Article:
Princess Yuriko, the oldest member of the imperial family and great-aunt of Emperor Naruhito, has been diagnosed with heart failure, the Imperial Household Agency said Monday.

The 97-year-old princess, the widow of Prince Mikasa, is in stable condition and able to converse and eat. She will be medicated and stay at a Tokyo hospital for two to three weeks, according to the agency.

Princess Yuriko is seen at the Toshimagaoka Cemetery in Tokyo after attending a memorial ceremony for her son Prince Tomohito of Mikasa on June 6, 2017, the fifth anniversary of his death. (Kyodo) 

Her heart's ability to pump blood has been weakening, and the princess will receive treatment to remove the buildup of pleural fluid, it said.

She was originally slated to stay at St. Luke's International Hospital for a week before the diagnosis.

The princess had been diagnosed with pneumonia and admitted to the hospital last Thursday after a monthly health checkup. She had been coughing and showing symptoms of exhaustion for a few days prior.

Her heart failure was discovered during a separate checkup following her admission into the hospital. She has tested negative for the coronavirus.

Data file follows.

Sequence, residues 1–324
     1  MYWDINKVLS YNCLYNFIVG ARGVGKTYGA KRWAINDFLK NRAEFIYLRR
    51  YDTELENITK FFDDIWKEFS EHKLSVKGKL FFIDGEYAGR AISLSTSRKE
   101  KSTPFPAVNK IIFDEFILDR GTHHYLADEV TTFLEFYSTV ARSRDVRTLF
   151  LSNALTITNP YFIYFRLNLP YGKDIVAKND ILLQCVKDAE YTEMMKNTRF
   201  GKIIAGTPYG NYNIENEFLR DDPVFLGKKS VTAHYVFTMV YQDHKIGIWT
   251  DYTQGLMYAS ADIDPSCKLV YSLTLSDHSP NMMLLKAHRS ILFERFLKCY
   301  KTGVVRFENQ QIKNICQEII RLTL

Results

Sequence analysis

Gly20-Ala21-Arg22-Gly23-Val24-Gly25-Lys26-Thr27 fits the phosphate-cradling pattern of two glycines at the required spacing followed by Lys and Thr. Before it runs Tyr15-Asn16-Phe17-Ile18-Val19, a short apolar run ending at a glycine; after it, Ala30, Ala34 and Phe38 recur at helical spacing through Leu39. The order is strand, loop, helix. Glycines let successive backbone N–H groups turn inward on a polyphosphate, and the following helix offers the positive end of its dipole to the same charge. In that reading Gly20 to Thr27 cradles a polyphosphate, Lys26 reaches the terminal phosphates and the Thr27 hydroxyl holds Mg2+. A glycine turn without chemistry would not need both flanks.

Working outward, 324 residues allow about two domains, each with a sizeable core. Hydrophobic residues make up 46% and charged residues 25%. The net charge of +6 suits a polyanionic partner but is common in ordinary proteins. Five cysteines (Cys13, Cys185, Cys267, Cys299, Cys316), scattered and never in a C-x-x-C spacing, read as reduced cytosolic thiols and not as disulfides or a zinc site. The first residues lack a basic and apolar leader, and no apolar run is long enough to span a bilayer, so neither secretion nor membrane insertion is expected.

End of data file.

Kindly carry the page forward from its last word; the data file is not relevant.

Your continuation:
The princess was fitted with a pacemaker after being diagnosed with bradyarrhythmia, or a slow heart rate, and angina in May 1999. She has regularly replaced the device since.

The princess is a member of Japan's former nobility. In 1941 at the age of 18, she married Prince Mikasa, younger brother of Emperor Hirohito, posthumously known as Emperor Showa. Her husband died of heart failure in 2016 at age 100.

The couple had three sons and two daughters. Their sons Princes Takamado, Tomohito and Katsura, died in 2002, 2012 and 2014, respectively.

She has three granddaughters in the imperial family. Two others -- Princess Noriko and Princess Ayako -- gave up their imperial titles after getting married to commoners in 2014 and 2018, respectively.

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